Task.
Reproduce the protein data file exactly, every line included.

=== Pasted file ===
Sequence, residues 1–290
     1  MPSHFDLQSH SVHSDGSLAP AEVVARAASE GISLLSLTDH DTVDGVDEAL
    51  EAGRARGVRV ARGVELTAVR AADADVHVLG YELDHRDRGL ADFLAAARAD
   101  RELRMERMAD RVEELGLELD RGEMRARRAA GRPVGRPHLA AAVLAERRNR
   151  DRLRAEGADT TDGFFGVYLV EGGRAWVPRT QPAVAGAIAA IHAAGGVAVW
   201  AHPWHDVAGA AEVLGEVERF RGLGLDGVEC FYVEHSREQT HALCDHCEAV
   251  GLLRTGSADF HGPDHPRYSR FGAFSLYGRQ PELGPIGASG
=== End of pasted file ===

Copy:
Sequence, residues 1–290
     1  MPSHFDLQSH SVHSDGSLAP AEVVARAASE GISLLSLTDH DTVDGVDEAL
    51  EAGRARGVRV ARGVELTAVR AADADVHVLG YELDHRDRGL ADFLAAARAD
   101  RELRMERMAD RVEELGLELD RGEMRARRAA GRPVGRPHLA AAVLAERRNR
   151  DRLRAEGADT TDGFFGVYLV EGGRAWVPRT QPAVAGAIAA IHAAGGVAVW
   201  AHPWHDVAGA AEVLGEVERF RGLGLDGVEC FYVEHSREQT HALCDHCEAV
   251  GLLRTGSADF HGPDHPRYSR FGAFSLYGRQ PELGPIGASG